SWA CEO talks about new bankruptcies

T45Flyer

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Interesting article about costs, first new salvo directed towards the FA's that I have heard.


Southwest expects to keep cost edge:

NEW YORK (Reuters) - Southwest Airlines Co. (LUV.N) expects to be able to keep its cost advantage over most U.S. rivals even as bankruptcy gives them greater latitude to cut their own expenses, its chief executive said on Wednesday.

Gary Kelly painted a rosy picture of both costs and revenues at the top U.S. carrier by market value, which has prospered relative to competitors because of its ample hedges protecting it from high fuel costs.

Those costs helped push Delta Air Lines Inc. (DAL.N) and Northwest Airlines Corp. (NWACQ.O) into bankruptcy last week.

"Bankruptcy will allow carriers to reduce costs," he said in an analyst presentation. "We don't see how that will eliminate our low cost advantage."

Kelly reiterated that the airline has a goal of increasing profit by 15 percent next year, a rate some analysts said would be a challenge even before the latest spike in fuel prices.

Southwest shares were up 30 cents, or 2.1 percent, at $14.50 in afternoon trading on the New York Stock Exchange, the top gainer among U.S. airlines.

JP Morgan on Wednesday raised its recommendation on Southwest to "overweight," while Citigroup started coverage of the airline with a "buy."

Kelly said Dallas-based Southwest's costs were about 35 percent below those of the "legacy" carriers that are burdened by higher labor and pension costs.

Southwest is working with pilots to improve productivity and plans to do the same with flight attendants, he said.

GUARDING AGAINST COMPLACENCY

Other productivity boosts could come in maintenance and by automating check-in procedures more.

"That's why you're seeing the head count per aircraft coming down and it should continue to," he said, adding that the airline is guarding against complacency.

"We will continue to bear down on our own cost structure," he said. "We'd be crazy not to expect that our competitors will eventually get closer to our cost structure."

That won't happen in the next 12 months, though, he said.

Southwest has regularly bought contracts that lock in fuel prices at a certain level, giving it a huge advantage over cash-strapped rivals that sold their hedges or could not afford to buy any in the first place.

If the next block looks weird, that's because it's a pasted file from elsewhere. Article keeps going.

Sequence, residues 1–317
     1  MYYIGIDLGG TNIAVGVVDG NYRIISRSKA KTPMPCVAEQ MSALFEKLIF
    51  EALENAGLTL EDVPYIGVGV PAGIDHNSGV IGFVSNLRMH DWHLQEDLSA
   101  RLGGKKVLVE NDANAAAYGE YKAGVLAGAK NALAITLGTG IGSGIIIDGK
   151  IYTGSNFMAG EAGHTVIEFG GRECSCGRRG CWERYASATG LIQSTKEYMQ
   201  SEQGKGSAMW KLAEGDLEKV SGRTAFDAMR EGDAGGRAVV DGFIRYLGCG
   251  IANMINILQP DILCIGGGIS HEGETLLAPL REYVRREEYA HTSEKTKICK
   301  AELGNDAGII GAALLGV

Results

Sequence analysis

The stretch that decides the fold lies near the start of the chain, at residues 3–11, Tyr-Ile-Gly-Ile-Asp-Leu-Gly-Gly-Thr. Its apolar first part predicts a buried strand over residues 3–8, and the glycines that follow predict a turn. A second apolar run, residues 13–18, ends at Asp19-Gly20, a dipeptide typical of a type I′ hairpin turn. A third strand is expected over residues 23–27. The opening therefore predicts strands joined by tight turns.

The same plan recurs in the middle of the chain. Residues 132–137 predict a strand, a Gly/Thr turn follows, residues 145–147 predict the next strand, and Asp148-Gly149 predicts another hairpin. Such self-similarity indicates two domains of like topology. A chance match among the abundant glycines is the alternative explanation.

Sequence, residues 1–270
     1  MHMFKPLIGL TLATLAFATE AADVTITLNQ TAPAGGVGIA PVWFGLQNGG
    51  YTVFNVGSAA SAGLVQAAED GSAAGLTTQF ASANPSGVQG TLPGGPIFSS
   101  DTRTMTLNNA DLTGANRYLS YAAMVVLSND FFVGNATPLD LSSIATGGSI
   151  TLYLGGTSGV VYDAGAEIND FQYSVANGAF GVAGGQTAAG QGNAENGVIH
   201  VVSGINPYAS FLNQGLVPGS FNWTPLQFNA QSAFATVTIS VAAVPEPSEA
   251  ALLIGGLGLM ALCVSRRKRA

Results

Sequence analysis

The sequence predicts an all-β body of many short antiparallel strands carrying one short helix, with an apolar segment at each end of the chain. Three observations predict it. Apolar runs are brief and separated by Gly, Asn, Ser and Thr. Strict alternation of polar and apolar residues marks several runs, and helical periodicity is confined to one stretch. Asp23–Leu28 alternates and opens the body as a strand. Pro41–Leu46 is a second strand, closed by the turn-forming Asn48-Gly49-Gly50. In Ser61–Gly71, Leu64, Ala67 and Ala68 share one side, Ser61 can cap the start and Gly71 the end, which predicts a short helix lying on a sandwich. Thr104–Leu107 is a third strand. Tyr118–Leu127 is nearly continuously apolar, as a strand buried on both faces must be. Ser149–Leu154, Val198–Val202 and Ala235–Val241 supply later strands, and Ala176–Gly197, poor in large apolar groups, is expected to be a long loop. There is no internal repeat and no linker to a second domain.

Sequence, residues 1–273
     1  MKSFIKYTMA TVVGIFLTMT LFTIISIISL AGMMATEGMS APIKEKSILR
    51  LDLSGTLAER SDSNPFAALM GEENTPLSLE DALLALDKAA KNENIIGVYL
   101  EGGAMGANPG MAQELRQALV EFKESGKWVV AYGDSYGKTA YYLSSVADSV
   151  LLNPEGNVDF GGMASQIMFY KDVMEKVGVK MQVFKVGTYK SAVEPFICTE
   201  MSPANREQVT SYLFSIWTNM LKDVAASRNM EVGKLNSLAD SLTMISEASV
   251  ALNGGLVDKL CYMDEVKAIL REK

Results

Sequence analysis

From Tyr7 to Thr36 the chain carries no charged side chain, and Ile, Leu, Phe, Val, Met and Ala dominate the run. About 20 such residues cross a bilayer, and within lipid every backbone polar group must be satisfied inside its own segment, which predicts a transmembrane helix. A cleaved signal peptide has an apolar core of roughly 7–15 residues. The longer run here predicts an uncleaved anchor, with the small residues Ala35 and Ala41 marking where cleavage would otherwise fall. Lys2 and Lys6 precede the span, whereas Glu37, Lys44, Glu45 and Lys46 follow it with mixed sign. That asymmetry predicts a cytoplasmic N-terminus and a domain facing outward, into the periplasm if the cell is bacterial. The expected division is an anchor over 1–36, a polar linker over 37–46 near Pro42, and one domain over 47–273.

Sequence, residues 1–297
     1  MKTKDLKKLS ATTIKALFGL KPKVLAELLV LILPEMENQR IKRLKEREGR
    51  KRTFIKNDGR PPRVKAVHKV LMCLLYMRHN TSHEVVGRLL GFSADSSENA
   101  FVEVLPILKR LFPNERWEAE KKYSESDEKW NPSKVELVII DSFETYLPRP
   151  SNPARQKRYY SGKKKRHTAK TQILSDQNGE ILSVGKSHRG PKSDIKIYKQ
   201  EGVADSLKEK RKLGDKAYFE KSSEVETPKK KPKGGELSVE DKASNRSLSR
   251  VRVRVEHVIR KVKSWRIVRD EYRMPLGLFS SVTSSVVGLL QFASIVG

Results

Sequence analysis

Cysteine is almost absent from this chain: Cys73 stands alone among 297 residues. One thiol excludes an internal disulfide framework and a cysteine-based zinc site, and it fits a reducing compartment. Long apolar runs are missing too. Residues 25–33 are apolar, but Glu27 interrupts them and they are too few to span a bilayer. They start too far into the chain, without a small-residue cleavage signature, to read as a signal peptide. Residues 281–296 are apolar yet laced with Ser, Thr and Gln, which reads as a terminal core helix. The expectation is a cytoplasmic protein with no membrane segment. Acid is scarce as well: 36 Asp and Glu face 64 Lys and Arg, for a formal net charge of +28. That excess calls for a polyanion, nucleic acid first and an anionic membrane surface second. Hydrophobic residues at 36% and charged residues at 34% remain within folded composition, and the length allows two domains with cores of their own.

For this year, Southwest's hedges largely cover the cost of refined jet fuel, which has soared relative to crude oil this year, he said.

Helping to boost revenue, Southwest raised fares by up to $4 each way in August and September, he said.

Kelly said Southwest's planes flew fuller in July and August than they ever have and that September demand was "solid."

Southwest's fourth-quarter seat availability will increase something less than the 9 percent previously forecast because of a reduction in traffic to New Orleans after Hurricane Katrina, he said.

A strike by machinists at Boeing Co. (BA.N), its sole aircraft provider, could also take a toll, he said. Boeing is scheduled to deliver 7 of its 737 single aisle planes to Southwest between now and year-end, Southwest spokeswoman Linda Rutherford said.



09/21/05 13:26 ET
 

lowlycfi

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T45Flyer said:
Interesting article about costs, first new salvo directed towards the FA's that I have heard.



Kelly said Dallas-based Southwest's costs were about 35 percent below those of the "legacy" carriers that are burdened by higher labor and pension costs.

Southwest is working with pilots to improve productivity and plans to do the same with flight attendants, he said.

GUARDING AGAINST COMPLACENCY

Other productivity boosts could come in maintenance and by automating check-in procedures more.
Am I missing something? How, exactly, is that quote a "salvo directed towards the F/As" ? No flame, just curious.
 

T45Flyer

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lowlycfi said:
Am I missing something? How, exactly, is that quote a "salvo directed towards the F/As" ? No flame, just curious.
No problems, what I was saying is that Southwest had come to SWAPA and asked for productivity increases, not sure what they are yet, the union is looking at them. BUT, we were the only work group that has been targeted, until now. Looks like the company need the F/A's to buck up also. These are NOT pay cuts (yet), they are productivity gains for the company.

Overall, CASM (excluding fuel) has continued to decreased for the last two quarters, even with current pay rates. Q3 will be interesting to see if that trend continues.
 
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